- Make sure that the pictures do not reveal any information in the background that might give an online predator a clue as to where your child lives or what school they go to. Well, some of this is virtually impossible. We live in an Internet age, and have (or many of us do) online identities. This goes for our kids, and even for their schools (many of which post pictures, names, etc.). But we can, at the very least, make sure that our children are not posting inappropriate pictures or content.
- Never agree to meet anyone that you have met on the computer in real life. I told my daughter that she wasn’t to play any interactive games on the computer in which there was a real person on the other end. And I meant to scare the shit out of her when I told her that if she DID choose to go against my wishes, that she needed to know that the ‘child’ she thought she was playing with could be a 40 year old man who wanted to have sex with her, or worse. Too much info? In this day of age, I don’t think so. I told her that she should never believe anyone online. PEOPLE LIE. The Internet is largely fantasy- people can be whoever and whatever they want. And, unfortunately, they can take advantage of people who believe what they say.
- Never share password or login info with anyone besides ME. Also, change passwords often and again, reiterate, reiterate and reiterate that these new passwords should be given only to ME.
- Never accept an Instant Message from a stranger or open an attachment without first asking me. There could be either an asshole or a virus on the other side.
- My kid now has a blog, opening up a world of comments. She can bet that I’ll be going into her blog and email daily to read what people have written. Using a blog is, I told her, for grown ups and grown ups in training. If I see that she is not following the rules I set for this new way to engage with the world, then I’m closing down the blog and her email and throwing a big fat book into her hand.
- Tell me every time the computer is being used. I want to know what she’s looking at and when. If she’s at a friend’s house, I want her to use her brain.
5. Have our kids develop healthy relationships with MANY other adults
There will come an age when our kids might not want to talk to us and, *gasp*, may even rebel. I have a friend whose daughter didn’t talk to her for an entire year during high school. I was so horrible to my parents it’s a wonder any of us survived. Yes, we all hope drama with our kids won’t happen to us. I have a feeling, however, that all of us, in some shape or form, will undergo some angsty moments. My daughter is already showing some interesting colors, and she’s not even officially considered a ‘tween’ yet!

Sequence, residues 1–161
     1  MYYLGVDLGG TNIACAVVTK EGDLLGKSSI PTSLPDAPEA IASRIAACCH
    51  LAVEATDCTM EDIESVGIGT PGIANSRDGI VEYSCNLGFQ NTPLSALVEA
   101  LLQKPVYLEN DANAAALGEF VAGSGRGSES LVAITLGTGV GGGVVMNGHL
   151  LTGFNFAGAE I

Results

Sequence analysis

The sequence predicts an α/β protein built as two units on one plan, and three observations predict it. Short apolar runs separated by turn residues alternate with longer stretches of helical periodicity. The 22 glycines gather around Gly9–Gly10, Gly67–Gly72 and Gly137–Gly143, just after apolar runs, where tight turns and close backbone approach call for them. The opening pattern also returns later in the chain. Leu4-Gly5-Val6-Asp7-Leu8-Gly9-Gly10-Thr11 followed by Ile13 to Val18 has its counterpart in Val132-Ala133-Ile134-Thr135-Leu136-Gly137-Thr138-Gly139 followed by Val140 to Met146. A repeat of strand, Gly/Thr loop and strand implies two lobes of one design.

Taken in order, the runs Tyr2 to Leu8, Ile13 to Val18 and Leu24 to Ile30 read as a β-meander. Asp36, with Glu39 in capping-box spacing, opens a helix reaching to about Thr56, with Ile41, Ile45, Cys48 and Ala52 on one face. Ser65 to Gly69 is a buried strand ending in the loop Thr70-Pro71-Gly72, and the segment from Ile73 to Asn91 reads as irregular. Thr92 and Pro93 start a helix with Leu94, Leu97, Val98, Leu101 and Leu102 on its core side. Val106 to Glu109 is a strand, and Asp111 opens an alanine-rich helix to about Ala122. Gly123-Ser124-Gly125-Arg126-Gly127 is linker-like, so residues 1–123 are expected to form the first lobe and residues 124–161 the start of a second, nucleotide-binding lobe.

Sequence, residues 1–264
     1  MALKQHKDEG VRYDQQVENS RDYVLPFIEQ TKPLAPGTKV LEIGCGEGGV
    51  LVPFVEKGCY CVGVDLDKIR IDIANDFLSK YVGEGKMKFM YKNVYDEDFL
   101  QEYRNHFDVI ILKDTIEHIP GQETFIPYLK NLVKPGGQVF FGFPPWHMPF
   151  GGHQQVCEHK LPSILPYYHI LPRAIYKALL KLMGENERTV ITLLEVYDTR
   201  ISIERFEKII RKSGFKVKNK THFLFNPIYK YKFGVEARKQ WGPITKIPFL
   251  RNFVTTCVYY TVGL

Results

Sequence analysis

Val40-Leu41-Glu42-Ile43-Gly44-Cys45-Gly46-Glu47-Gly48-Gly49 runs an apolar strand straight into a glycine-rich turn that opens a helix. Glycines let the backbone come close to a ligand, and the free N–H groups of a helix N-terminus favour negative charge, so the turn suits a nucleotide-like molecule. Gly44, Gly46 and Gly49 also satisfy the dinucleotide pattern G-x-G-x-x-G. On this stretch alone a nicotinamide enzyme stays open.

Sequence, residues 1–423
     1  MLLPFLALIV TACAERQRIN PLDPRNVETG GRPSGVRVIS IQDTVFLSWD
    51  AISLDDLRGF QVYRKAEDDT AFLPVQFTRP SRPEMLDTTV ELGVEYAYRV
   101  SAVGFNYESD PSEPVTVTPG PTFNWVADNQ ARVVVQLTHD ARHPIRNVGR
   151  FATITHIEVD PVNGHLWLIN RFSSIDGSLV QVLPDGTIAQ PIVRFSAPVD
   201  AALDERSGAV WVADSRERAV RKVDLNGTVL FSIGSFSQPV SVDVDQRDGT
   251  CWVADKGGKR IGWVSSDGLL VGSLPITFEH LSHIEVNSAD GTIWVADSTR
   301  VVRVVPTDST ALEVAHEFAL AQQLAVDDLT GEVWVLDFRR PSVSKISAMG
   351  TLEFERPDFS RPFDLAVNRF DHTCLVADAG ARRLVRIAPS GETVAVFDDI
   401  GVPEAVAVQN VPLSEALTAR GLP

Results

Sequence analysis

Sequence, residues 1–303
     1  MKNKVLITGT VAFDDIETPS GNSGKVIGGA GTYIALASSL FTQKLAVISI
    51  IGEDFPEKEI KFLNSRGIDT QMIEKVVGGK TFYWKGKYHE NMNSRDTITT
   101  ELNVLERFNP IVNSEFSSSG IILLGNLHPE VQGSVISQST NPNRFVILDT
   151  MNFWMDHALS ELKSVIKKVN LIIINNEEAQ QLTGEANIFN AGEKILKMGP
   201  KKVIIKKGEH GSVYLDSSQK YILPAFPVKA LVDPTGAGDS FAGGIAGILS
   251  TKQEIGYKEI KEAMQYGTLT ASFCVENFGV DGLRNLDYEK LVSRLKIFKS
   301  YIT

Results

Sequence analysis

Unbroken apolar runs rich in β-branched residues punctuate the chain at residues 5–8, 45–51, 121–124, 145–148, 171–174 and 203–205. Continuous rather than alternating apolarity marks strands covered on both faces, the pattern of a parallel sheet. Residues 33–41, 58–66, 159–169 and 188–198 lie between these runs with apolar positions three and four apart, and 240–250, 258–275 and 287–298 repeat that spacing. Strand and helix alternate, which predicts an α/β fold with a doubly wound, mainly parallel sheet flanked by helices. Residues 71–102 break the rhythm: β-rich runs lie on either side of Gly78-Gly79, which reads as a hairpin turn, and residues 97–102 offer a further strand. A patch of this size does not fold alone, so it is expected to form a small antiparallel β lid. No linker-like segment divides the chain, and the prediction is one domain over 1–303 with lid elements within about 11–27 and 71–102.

Yikes, what are we supposed to do if our kids eventually no longer think we’re the bees knees? How does one handle this during the Internet age? Well, besides hoping that we’ve instilled amazing values in our kids, we need to make sure early on that our kids build friendships with plenty of great adults. This way, should the time come when we don’t see eye to eye, they’ll have plenty of sounding boards to choose from. My kid, for example, spends a lot of time with my adult friends, and has form a bond with many of them independent of my relationships. They attend dance and school events, go with us to the beach, take her for the day to museums or skateboarding, and just generally are available to be her friend. More recently, as my kid has become more Internet savvy, she shares emails with my adult friends. Yet I can’t hold my kid responsible for all of the dangers that are out there. She can only be responsible for the things within her control. This is why I’ve turned to keeping watch over my daughter’s email account, seeing exactly who she speaks with on Skype, not allowing her a Facebook page (not yet, although she’ll eventually get one on her own, I know it), keeping an eye on her new blog and, most importantly, keeping watch over her entire online presence by using strict parental controls.
Again, stay tuned for the my next posting on Parental Controls (subscribe to this blog!), in which I’ll walk you through how to set up web protection on your child’s computer and also explain how to come up with an Internet safety pledge that works for both parents/caregivers and kids. I’ll provide links and resources that will help inform the ways in which you speak WITH your kids and choose which parental control features work best for you and your family.
In the meanwhile, I’d ask that you consider some important questions:
1) What worries you most about Internet safety?
2) What features would you most like to see in a parental controls program?
3) Have you spoken with your child about Internet safety, cyberbullying, predators, and social networking?
4) Is your kiddo mature enough to handle using the Internet? What sort of relationship do the two of you have? Does he/she talk with you about the things going on? Does he/she get embarrassed easily if bullying has occurred? Would he/she approach you with concerns?